I wouldn't take her shopping until I saw the budget and her shopping list. She huffed, but in the end she did it. And you know what? She began to make great choices about things she didn't need based on what she had budgeted.
If you don't budget yourself, it's hard to make the case that your kids should. If you've been challenged in this department, find someone who can help, recommends the National Foundation for Credit Counseling. Make an appointment to see a credit counselor. Some people think the nonprofit agencies are only there to help folks get out of debt. But the counselors can also help on an assortment of finance-related issues. You can find an agency by calling 800-388-2227 or by going online to www.DebtAdvice.org.
"Money conversations are difficult, particularly within families," said Gail Cunningham, spokeswoman for the NFCC. "Financial advice from an independent third party such as a trained and certified credit counselor will preserve the relationship and stand a better chance of being followed."
* Become familiar with banking. If your children have never really managed a bank account, they need a crash course. And when I say manage, I mean take them beyond just knowing how to withdraw money with their ATM card. It's time they bank the way you do, which is to say they need to understand how to balance their checkbook even if they do everything electronically.
You need to have a discussion about the high price of overdraft fees. You might consider having your student opt out of having overdraft protection. Better to have an attempted purchase with a debit card declined because of insufficient funds than rack up huge overdraft fees.
A few years before our daughter went off to college, we had her open a bank account when she started working after school. She controls it without any oversight. On her own, she signed up with Mint.com to help manage her money. She has self-imposed spending limits and gets alerts when she exceeds them.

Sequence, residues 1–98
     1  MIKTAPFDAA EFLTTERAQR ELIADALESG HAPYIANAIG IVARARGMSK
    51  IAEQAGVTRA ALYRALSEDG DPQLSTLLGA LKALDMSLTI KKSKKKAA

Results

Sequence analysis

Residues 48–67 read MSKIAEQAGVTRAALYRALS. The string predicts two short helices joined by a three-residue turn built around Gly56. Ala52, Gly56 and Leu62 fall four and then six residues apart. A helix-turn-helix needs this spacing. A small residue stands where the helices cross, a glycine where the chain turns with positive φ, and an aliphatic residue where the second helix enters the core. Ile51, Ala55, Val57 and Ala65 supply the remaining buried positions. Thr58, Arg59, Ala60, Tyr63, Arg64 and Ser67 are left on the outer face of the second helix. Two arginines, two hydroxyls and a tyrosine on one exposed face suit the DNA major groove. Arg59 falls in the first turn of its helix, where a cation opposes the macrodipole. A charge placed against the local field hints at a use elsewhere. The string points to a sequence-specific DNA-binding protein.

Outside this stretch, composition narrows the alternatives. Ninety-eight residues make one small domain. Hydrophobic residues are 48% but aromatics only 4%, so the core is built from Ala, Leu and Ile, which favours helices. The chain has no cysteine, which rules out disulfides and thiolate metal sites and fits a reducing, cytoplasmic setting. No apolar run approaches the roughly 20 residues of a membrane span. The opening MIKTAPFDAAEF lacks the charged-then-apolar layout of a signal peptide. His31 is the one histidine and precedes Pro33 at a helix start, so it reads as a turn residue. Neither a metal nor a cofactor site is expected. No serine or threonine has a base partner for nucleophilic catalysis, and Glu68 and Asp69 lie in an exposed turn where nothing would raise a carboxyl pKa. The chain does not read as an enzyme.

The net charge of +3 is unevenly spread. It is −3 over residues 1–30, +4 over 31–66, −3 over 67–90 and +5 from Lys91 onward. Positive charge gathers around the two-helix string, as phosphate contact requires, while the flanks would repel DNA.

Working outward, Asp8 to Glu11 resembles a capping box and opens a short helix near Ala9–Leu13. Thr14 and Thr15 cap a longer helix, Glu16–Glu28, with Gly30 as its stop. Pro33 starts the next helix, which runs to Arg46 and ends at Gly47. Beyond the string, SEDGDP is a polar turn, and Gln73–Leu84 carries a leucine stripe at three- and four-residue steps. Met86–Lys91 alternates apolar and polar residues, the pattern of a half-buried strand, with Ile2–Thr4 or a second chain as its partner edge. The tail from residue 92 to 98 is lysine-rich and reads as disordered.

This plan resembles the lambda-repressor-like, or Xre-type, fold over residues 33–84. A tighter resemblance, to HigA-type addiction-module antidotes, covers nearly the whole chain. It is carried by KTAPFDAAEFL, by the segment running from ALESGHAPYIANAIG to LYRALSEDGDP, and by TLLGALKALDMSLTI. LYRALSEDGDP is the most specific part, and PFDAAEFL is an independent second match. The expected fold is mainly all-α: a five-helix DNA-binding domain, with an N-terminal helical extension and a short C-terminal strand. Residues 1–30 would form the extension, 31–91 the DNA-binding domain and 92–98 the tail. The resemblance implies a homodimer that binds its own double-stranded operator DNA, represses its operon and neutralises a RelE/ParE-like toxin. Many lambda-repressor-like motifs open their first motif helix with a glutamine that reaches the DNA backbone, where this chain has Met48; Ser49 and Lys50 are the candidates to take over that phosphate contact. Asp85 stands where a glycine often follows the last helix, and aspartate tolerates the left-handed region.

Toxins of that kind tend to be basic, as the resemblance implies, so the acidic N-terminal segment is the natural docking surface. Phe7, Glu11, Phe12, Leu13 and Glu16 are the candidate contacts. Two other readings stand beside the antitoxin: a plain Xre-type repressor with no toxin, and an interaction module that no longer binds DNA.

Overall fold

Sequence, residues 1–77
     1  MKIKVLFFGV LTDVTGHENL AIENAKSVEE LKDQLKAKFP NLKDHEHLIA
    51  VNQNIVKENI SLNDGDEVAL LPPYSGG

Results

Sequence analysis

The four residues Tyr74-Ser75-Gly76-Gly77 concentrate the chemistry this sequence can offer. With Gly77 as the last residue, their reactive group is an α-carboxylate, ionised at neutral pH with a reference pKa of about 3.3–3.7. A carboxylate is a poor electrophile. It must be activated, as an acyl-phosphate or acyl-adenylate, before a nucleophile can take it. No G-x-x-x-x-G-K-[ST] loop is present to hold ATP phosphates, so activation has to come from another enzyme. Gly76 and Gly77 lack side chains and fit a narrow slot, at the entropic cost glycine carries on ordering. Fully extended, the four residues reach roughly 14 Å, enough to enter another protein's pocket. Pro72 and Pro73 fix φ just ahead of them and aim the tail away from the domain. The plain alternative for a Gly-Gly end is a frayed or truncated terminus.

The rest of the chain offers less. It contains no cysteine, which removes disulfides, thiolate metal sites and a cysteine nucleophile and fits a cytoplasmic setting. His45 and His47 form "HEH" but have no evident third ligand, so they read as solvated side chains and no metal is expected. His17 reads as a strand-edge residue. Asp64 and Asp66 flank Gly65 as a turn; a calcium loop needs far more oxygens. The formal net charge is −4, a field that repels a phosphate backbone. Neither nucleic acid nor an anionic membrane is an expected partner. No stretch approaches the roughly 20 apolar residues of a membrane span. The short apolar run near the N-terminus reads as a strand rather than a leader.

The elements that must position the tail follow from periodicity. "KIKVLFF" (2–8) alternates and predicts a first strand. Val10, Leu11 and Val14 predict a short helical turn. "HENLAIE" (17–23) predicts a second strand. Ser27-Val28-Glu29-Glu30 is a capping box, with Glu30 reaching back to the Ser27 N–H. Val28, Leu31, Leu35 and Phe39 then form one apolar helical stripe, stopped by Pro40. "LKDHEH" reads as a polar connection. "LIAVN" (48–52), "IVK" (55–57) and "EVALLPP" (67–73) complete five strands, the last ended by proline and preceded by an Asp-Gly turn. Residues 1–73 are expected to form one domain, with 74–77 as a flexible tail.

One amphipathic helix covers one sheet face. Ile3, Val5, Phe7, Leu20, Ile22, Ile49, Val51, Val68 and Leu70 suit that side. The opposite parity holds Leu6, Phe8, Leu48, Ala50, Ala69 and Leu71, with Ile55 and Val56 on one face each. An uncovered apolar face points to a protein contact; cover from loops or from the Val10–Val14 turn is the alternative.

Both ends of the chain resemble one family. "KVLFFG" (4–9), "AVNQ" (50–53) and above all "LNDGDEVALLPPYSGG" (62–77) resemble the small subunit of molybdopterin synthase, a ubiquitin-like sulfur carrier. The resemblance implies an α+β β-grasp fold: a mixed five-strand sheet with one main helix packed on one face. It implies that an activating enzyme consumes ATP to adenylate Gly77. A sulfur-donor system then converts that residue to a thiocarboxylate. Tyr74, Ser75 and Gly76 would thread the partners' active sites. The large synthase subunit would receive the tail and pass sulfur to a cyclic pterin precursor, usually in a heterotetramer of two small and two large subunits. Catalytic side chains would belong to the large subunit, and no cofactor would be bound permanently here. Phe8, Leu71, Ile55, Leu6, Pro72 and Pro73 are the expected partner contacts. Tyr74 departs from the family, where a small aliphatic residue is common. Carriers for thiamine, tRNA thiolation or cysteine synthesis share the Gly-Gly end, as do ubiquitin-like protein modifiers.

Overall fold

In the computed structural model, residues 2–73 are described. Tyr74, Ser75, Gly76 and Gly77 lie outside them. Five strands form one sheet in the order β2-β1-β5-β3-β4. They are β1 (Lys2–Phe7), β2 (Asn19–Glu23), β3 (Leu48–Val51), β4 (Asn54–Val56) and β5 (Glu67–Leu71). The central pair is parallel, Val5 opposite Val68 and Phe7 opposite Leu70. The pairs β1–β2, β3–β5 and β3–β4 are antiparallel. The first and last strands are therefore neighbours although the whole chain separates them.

* Become familiar with buying discount books. We gave all the responsibility of buying books to our daughter. She in turn became good at finding discount textbooks. She used a variety of websites to help manage the costs. She bought used. She rented books.
The Student Public Interest Research Groups, a network of nonprofit, nonpartisan student advocacy organizations, has been lobbying for years for textbooks to be more affordable. For tips on saving on textbooks, go to www.studentpirgs.org/resources/textbook-tips.
* Let it go. If you've done your job and taught your children what they need to know about handling money, let them take care of things. Coming from a control freak like me, this isn't easy to say.
Watch, give guidance when you see them faltering. But let go. We did and we are so proud of our daughter. During her freshman year, she established a goal to keep a certain amount of money in her savings account. If she wanted to go out or buy something and didn't have enough money in her checking account, she resisted the temptation to dip into her savings. And she didn't call her mommy or daddy.
As the good book says, "Train up a child in the way he should go, And when he is old he will not depart from it."